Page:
I have a very rare blood type- O negative that is a specific virus free, making it a high demand product. I've been giving blood at the Stanford Blood Center for over 20 years, monthly with either whole blood or platelets. I have never experienced any of the procedures listed in the lawsuit. I see staff constantly cleaning their hands, the center itself is immaculate, the swabbing of the vein area is always done using gloves and iodine. I too am sorry this patient has suffered an infection and the related medical expense. But if I understand this situation correctly, the infection is on the collar bone, resulting from a needle prick. How did a needle prick ever reach the collar bone? This causes me to wonder about the case. In any event, I fully support the SBC and urge others to consider making regular life saving donations. The fact that the center sells these products is a paper tiger - how else is it to support itself?
I have been donating at SBC for over 30 years. I've watched the innovations that have added to the safety to donors and phlebotomists over the years, especially during the scary early phase of the AIDS/HIV epidemic. The plebs are the best in the business, they never miss, and I have a particularly difficult vein. I've never seen a lapse in protocol, or touch a donor without gloves on.
I've never had any trouble with donations other than eventually developing a topical allergy to the iodine prep/cleaning solution.
While I sympasize with the patients, I find it difficult to believe that they could have "picked up" an infection at SBC. I would NEVER consider donating anywhere else.
I've donated blood there for many years & find the staff to be extremely conscientious with their hand-cleaning & glove changes & my skin disinfection.
While visiting a staph infection patient at Mills Hospital, about 3 years ago, a woman came in to change the drip IV line and got annoyed when I asked her to wash & glove. The infection site was where a port had been removed @ Sequoia Hospital.
I too don't understand how the claimant's infection got to his collarbone.
I donate there regularly. It's a decent organization and they do a good job with safety procedures.
Here are some relevant quotes from the Blood Center website:
"Stanford Blood Center is a not-for-profit community blood center."
"Stanford Blood Center is dedicated to minimizing costs to patients but acknowledges that the ultimate cost of blood can be high." (They list some of them. I won't copy them all here, but you can see them at Web Link.)
The Blood Center does not pay donors for giving blood, although I believe some places do. I know that, if I need blood, I'd prefer it came from a volunteer at a non-profit blood center, rather than from someone who gave because he needed the money.
Mr. Carcione, the lawyer for Mr. Bui, is suing. Even if he doesn't win his case, he'll increase the cost of blood. Defending against lawsuits is expensive. Mr. Carcione is quoted in the article as accusing the blood center of profiting by selling the blood of their volunteers. But, since the organization is a non-profit, by definition, they don't profit from the community service they provide. I don't know all of the facts. I suppose the jury will have to decide. Meanwhile, in the same vein as Mr. Caricone's jibe at the blood center, let me point out, that unless he's doing this pro-bono, he is the one who is actually trying to profit from the blood of others.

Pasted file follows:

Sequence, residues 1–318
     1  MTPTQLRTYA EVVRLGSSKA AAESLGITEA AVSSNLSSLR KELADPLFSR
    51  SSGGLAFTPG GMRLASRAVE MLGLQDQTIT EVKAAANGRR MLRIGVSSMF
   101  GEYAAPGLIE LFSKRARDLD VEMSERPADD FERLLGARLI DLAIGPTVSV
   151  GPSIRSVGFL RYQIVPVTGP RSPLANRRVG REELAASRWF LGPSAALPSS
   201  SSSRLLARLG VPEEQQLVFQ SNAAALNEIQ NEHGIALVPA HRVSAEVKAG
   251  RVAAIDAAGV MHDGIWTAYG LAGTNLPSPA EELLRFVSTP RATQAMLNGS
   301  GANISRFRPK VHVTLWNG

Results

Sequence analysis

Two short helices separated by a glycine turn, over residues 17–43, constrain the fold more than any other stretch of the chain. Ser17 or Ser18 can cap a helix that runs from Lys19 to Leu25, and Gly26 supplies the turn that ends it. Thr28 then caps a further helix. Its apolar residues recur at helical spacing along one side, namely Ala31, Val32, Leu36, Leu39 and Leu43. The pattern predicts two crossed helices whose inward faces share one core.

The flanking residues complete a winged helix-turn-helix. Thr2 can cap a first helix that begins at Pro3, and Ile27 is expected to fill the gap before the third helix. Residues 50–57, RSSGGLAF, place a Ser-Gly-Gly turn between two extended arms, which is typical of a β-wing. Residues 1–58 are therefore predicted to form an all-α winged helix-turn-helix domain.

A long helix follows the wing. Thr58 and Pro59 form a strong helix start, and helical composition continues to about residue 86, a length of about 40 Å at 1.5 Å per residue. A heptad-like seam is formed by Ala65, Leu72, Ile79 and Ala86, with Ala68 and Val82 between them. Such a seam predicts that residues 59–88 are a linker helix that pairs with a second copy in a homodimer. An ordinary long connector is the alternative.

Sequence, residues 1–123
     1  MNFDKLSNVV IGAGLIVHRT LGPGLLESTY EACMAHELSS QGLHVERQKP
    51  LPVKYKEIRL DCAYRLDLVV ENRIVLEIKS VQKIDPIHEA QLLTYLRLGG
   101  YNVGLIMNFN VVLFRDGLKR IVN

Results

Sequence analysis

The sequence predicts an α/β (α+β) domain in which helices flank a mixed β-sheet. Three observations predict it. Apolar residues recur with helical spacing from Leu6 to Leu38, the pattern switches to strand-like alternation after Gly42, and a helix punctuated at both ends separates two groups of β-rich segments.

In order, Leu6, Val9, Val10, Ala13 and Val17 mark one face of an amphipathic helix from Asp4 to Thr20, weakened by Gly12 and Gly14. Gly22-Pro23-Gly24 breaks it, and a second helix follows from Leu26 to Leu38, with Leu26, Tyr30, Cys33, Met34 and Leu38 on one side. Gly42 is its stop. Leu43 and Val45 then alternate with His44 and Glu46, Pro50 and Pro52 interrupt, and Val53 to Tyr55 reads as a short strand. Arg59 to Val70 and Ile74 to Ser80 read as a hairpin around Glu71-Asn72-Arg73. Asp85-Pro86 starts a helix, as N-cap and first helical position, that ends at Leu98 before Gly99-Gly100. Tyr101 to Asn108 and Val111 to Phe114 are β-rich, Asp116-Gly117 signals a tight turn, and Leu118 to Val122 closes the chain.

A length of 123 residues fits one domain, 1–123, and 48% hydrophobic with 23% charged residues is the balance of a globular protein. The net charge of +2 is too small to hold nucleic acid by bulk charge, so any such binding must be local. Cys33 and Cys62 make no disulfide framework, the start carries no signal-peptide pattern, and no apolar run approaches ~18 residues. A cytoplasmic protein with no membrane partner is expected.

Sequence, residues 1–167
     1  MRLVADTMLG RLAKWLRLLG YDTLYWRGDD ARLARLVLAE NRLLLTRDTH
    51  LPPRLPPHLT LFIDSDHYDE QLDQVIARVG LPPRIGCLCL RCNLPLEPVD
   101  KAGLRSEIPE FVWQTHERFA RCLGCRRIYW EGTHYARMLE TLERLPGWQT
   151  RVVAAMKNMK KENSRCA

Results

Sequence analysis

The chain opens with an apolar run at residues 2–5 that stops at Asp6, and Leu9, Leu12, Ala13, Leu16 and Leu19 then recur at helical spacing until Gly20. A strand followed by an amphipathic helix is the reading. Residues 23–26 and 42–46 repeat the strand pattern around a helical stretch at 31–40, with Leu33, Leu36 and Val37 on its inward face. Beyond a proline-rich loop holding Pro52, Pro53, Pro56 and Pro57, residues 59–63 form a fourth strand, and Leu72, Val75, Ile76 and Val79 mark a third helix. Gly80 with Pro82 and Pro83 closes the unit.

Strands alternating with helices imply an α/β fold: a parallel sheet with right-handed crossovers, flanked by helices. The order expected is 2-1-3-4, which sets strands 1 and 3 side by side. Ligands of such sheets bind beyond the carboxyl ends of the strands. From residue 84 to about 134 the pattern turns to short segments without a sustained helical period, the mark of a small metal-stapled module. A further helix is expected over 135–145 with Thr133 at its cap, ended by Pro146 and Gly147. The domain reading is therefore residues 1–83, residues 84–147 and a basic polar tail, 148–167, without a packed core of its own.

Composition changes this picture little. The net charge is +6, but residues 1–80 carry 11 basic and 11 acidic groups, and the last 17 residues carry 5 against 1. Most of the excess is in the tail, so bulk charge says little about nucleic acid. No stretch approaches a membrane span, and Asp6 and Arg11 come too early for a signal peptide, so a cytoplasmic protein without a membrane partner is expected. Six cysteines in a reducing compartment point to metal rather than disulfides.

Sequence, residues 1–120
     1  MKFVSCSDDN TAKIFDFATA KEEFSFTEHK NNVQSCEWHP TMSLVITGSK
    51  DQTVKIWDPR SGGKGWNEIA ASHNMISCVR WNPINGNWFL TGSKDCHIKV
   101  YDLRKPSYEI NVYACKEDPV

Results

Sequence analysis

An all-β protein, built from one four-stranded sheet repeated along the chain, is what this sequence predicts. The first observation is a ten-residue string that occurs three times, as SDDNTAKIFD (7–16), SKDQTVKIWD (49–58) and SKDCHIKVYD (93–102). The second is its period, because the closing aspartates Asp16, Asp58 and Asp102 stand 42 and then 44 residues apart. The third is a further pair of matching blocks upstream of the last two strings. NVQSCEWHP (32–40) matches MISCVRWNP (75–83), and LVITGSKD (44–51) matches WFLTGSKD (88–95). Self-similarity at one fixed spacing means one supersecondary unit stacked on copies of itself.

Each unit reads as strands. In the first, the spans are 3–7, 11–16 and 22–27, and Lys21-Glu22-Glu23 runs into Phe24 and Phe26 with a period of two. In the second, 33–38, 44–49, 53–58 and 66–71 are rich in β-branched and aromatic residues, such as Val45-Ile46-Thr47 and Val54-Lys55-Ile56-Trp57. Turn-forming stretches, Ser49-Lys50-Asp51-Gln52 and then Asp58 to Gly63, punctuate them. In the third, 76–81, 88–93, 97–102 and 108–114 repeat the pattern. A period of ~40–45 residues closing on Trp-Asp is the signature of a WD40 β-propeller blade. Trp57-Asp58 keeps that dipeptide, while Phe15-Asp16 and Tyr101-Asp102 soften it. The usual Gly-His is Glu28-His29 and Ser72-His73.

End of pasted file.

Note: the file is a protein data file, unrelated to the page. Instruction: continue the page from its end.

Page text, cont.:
I also have been a faithful SBC dodor for over 20 years. I have also donated at other facilities in other cities and have NEVER seen better or more consistant protocol than at SBC. I have special blood as well and feel honored to be so close to such a good and caring facility.
I agree w/ the response by Scott of Menlo Park, but some of his attorney quote merits elaboration.
("Mr. Carcione is quoted in the article as accusing the blood center of profiting by selling the blood of their volunteers. But, since the organization is a non-profit, by definition, they don't profit from the community service they provide. I don't know all of the facts.")
I wish to add: The fees that nonprofit blood centers like SBC charge for providing blood products from volunteer donors to patients in hospitals and clinics they serve are calculated solely to cover their own costs of collecting, testing, processing and delivering the blood products.
I speak as a physician with over 15 years experience as former Medical Director of the Northern California Region of one of the largest nonprofit blood collection organizations in the country. (After retiring I was also a volunteer instructor in the Transfusion Service at Stanford Medical Center, and am familiar w/ SBC.)
I certainly am sympathetic to the donor who suffered this unfortunate and rare complication of blood donation.
I use to donate, but over time my veins gave out. My doctor and various clinics advised me NOT to donate anymore due to 'scarring' of my veins. But I still volunteer(I am one of those that gives you fluids and things to eat) and I know quite a few people that have given 20+ years and more WITHOUT any problems. This is the 1st I have heard of this situation. I have ALWAYS found the staff to be very conscientious about the procedures that are in place.
Posted by Laurie, a resident of Another Palo Alto neighborhood